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Hook, Line and Tinker
by Deborah Clark
Writers who are serious about marketing and selling their
work are like the dedicated fishing enthusiast. Both
research the subject, find the best spot to place the lure
and cast repeatedly until they are successful.
The writers' tools are good ideas, research into the markets
for the subjects and query letters. A strong query will
lure the editor into looking at the proposed article. A
well constructed letter will help the editor determine
whether the writer has the level of skill and depth of
experience that the publication needs. But how to catch an
First, you need a hook. The hook is an attention grabbing
first paragraph. It can be an anecdote or an unusual fact
or comment. The writer must give an editor a reason to read
further. An unusual slant on a relevant but frequently used
topic is more likely to generate editorial interest.
Once the writer has the hook, like a good fisher, the line
must be played out. For a writer, this means describing the
particulars of the article, its slant, its length, and any
resources or experts to be used. This second paragraph is
factual in nature. State the title of the article and its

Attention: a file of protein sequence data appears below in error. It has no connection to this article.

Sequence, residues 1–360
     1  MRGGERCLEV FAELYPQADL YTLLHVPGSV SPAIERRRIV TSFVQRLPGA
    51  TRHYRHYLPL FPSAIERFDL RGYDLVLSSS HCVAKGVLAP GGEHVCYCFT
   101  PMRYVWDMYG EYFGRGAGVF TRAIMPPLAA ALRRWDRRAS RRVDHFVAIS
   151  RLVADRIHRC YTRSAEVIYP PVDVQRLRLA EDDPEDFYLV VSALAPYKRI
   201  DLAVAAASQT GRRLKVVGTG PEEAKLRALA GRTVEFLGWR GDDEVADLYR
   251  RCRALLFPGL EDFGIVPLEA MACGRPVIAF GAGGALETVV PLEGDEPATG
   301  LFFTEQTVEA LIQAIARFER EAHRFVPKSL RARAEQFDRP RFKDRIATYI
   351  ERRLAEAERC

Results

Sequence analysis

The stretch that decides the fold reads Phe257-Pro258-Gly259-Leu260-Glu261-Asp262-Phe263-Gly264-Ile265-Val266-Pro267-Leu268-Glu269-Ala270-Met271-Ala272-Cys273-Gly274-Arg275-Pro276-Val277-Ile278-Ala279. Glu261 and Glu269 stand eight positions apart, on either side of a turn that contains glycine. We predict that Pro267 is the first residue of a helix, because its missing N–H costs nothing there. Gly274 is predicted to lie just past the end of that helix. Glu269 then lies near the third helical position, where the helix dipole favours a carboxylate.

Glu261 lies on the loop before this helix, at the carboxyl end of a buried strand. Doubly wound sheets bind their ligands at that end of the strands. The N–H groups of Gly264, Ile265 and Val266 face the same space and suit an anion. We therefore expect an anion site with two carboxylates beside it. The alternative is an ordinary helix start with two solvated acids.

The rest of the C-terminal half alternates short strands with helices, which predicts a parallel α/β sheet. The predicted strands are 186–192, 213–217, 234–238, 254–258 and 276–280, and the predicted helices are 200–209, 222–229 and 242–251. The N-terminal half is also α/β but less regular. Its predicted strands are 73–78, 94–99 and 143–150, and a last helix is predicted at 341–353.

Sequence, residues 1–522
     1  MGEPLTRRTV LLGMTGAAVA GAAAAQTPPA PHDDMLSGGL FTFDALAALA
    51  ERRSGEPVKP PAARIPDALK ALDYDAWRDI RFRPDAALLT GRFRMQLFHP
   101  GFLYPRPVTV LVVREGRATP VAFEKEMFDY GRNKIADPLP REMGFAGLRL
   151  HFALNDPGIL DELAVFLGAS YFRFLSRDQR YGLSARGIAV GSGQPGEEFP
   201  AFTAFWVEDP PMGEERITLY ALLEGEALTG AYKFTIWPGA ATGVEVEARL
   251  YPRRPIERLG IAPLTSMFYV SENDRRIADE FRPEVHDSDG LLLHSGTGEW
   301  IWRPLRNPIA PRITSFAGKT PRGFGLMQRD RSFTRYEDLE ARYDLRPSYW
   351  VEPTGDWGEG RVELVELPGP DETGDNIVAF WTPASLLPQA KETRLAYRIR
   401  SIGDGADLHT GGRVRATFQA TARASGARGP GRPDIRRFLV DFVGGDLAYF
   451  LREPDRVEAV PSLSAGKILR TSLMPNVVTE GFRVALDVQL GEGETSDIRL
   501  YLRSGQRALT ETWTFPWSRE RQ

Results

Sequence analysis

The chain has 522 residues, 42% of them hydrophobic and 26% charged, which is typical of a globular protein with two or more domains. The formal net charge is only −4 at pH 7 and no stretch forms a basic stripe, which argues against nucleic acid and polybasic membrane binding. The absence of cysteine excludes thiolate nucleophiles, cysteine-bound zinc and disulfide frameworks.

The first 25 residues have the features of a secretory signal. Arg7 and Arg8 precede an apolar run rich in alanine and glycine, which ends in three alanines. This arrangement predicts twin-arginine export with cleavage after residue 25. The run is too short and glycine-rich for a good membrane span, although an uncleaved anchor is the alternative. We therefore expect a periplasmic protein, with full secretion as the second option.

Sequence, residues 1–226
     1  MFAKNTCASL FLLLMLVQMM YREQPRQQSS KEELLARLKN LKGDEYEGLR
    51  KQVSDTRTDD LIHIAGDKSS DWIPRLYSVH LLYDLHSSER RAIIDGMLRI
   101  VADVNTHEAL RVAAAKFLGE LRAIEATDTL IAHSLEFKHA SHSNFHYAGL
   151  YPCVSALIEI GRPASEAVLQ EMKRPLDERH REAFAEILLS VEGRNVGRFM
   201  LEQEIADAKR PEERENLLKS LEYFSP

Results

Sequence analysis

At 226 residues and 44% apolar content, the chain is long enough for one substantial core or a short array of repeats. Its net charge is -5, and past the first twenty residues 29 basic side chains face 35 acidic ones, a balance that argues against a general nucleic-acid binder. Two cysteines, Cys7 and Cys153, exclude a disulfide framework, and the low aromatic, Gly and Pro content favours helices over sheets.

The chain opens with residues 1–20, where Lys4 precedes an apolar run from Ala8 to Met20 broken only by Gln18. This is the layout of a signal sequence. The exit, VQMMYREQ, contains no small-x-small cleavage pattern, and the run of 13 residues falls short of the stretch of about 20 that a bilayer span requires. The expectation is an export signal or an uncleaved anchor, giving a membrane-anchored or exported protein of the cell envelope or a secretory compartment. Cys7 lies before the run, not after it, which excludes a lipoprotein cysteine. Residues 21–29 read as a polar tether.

approximate word count. If the article is to appear in a
certain section, do some research and make sure the word
count is slightly below the maximum. If there is a range in
the word count, aim for the middle of the range. These
techniques allow for a slight word overrun, which is much
easier than cutting out the overage.
The third paragraph reflects the process of reeling in the
line. Give qualifications, background and interest in the
topic. State any publication credits, even if they are
outside the area queried. This tells the editor other
publications are interested in your work.
The closing paragraph is where the writer can tinker to
custom tailor the proposal. Notice of enclosures such as a
self-addressed stamped envelope(SASE), tearsheets, and a
resume (if requested) should be included here as well as
closing remarks. If there are publication credits in the
area or genre or other articles similar in length, be sure
to include these. By tinkering with the submission of work
already published, writers can show they are able to produce
in either the area or length the editor requires.
Once writers show they have a great idea and can back it up
with details and qualifications, they will have an editor
interested; hook, line and tinker.
© Copyright 1997, Deborah Clark
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